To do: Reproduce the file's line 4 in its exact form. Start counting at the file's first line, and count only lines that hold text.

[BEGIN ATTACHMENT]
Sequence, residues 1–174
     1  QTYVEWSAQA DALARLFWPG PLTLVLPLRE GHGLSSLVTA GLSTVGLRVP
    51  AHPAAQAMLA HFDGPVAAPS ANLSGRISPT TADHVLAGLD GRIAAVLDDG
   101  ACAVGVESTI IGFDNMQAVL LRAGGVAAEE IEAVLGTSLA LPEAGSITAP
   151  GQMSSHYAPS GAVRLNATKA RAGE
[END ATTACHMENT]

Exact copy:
   101  ACAVGVESTI IGFDNMQAVL LRAGGVAAEE IEAVLGTSLA LPEAGSITAP